Through the smoking glass
Brothers Justin and Ryan Maddux forge functional pieces through the art of glass blowing
A jet stream of bright light emanates from a blazing torch as Ryan Maddux peers at a rod of molten glass through the black lens of his safety glasses. He carefully rotates the glass rod in circles, ensuring an even coat of heat before he lowers it from the flames and presses the rod against a paddle for a moment, shaping it flat before moving it back up to the torch to keep the piece from cooling.
As a professional glass blower, Maddux had just a few more days to finish all the pipes, bongs, chillums and bubblers that he could before the Glass Vegas Expo, an annual glass art trade show in February.
“It’s a tough medium,” Maddux says. “It’s glass and you’re heating it up, and if you don’t heat it right, it can crack and break and go in the garbage and it’s done. I’ve lost so many pieces. I’ve invested days, hours and it can really kick you in the pants.”
Ryan and his brother Justin Maddux are the owners and operators of Broham Smoke Shop on Freeport Boulevard in Sacramento. What makes this particular store unique is that around 60 percent of the glassware they sell is hand-blown by one of them.
The business hit its 10-year mark in November 2018, and the brothers say the anniversary party is still on their to-do list. They worked on their craft for nearly 20 years.
“My brother and I were musicians, so glass blowing was what we did during the day so that we could make our money and then get to band practice,” Ryan says. “When our band started to fall apart, that was when I was like ‘We should do this.'”
The brothers started their business, blowing pipes and various glass smoking devices and selling them wholesale to nearly 20 different smoke shops in Northern California.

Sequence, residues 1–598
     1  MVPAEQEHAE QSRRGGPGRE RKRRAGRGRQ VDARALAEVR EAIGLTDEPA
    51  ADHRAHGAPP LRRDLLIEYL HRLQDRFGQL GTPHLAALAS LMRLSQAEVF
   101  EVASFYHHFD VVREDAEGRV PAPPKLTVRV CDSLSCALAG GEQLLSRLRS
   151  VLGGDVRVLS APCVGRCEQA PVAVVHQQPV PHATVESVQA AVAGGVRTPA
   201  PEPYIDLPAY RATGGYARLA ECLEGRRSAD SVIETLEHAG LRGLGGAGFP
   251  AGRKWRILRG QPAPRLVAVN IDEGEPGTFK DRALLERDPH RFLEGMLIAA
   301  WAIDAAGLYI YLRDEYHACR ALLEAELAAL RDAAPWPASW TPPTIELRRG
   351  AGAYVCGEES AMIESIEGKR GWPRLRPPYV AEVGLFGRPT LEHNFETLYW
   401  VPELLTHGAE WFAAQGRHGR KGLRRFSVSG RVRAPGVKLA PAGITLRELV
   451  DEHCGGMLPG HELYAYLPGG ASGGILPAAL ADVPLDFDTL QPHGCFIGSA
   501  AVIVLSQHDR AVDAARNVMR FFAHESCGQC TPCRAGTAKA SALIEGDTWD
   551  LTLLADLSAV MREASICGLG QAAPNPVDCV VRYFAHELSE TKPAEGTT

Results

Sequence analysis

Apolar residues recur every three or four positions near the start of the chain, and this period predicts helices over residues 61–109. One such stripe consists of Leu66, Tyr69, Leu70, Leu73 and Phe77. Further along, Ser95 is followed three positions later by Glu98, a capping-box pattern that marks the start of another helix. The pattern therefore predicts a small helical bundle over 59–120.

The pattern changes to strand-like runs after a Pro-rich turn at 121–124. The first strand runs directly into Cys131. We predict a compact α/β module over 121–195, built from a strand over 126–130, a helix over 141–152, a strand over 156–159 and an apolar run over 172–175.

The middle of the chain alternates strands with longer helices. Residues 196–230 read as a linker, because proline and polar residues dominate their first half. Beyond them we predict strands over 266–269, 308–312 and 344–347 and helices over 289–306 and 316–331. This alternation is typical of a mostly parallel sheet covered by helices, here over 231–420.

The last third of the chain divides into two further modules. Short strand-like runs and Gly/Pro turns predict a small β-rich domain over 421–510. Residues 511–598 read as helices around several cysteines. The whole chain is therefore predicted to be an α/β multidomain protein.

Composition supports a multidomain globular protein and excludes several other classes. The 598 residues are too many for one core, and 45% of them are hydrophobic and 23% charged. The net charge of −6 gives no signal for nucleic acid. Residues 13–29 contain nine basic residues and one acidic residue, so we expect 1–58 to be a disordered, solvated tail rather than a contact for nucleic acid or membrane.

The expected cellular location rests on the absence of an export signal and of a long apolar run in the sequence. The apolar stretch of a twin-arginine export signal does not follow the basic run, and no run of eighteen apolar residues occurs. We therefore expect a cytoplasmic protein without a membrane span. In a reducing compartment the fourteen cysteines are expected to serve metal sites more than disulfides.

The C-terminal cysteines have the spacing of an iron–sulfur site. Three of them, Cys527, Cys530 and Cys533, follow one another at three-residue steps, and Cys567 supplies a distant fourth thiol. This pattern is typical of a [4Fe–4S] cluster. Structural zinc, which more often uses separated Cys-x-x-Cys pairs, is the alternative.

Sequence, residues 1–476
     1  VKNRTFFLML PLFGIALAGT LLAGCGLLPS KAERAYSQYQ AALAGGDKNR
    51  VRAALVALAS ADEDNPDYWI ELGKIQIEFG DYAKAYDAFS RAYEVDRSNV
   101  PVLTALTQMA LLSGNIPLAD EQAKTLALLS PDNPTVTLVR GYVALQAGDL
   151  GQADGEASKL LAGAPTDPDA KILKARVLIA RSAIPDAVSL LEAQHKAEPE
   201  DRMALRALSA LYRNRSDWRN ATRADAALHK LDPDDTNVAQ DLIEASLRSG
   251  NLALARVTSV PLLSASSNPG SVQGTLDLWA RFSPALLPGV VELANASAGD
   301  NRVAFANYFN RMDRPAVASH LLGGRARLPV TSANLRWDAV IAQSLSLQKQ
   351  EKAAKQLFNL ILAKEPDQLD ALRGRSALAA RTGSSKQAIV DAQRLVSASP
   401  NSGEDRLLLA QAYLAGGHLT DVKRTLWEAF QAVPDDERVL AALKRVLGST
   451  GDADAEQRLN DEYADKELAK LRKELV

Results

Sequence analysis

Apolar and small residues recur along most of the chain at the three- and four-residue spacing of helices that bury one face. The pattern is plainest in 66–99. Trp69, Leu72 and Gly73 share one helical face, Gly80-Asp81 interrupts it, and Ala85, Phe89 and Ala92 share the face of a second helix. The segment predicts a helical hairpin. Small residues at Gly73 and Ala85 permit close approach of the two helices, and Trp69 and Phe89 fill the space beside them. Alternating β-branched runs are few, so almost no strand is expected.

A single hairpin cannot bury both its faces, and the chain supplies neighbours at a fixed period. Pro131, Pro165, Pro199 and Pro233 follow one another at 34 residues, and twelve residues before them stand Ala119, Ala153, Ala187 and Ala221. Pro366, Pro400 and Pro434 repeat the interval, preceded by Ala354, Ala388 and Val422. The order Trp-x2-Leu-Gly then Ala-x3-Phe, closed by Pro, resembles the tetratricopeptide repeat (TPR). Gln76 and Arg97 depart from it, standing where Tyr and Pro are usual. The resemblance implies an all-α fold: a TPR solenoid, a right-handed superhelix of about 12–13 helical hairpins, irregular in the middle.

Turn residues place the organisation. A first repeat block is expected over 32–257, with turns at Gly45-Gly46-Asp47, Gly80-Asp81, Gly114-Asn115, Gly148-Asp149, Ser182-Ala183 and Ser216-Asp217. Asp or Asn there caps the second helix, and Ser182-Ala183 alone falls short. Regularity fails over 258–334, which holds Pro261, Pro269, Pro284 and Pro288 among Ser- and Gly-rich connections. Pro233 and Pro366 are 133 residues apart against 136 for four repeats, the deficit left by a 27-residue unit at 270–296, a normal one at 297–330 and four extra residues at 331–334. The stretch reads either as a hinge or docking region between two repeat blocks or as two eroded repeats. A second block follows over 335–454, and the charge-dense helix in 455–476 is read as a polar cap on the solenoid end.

“I’m not a very good traditional artist,” Justin says. “But I do consider myself artistic, so it was the first time I was able to actually do something with art that I was proud enough to show others and thought potentially that I could maybe support myself.”
He says he knew what he wanted to do ever since he saw his first glass pipe in the parking lot of a Grateful Dead show when he was 15. In those days, the vast majority of pipes were wooden, clay or metal. He remembers visiting a friend in Fair Oaks and going to the Sunflower for a burger.
“I go on back and they’re blowing glass,” Justin says. He was blown away.
“They just had this torch going, they were like, ‘What, you wanna try?'” Justin recalls. “Super nervous, hands sweaty, I finally managed to squeak out a piece.”
He says the heat was part of the initial appeal. “It was frightening and beautiful and creative all at the same time.”
Ryan says the friends they apprenticed under originally picked up the art from a traveling glass blower they met at a party, who taught them in exchange for a room and pay.
“This was probably ‘98,” Ryan says. “It was very underground. People weren’t, you know, forthcoming with their techniques and stuff so it was hard to acquire these skills and information. You had to pay somebody. It wasn’t as common of a thing, especially the whole pipe-making thing.”
Ryan says that glass-blowing artists and pipe-makers didn’t always get along.
“If you were a glass artist and not a pipe-maker you kind of looked down on pipe makers,” he says. “Now these glass blowers have proven themselves to be these amazing, talented artists and now [there’s] artists like Robert Mickelsen, who’s a very famous glass blower. He’s now collaborating with all these young, glass-pipe artists and they’re making incredible art. Now it’s still functional art. I mean it’s still a pipe, but it’s art.”
The brothers say they watched the art of glass blowing blossom in Sacramento from 10 people to a community of as many as 60 artists. Ryan says Sacramento’s summer heat keeps the craft’s popularity in check, but the brothers both credit social media for showcasing their art to new audiences.
“Now you can watch someone go live on Instagram,” Ryan says. “There’s tons of clips on YouTube now. You can watch your favorite famous artist do his special technique. I mean, you still have to spend some time to develop the technique, but the lessons are out there. It’s more accessible than it used to be.”
Still, after nearly 20 years behind the torch, Ryan says he’s still evolving as a glass artist.
“I tell you it’s still a challenge and I love the challenge,” Ryan says. “It pushes me to be better and I’m always just in life striving to be better. I always want to be growing and glass is perfect for something like that.”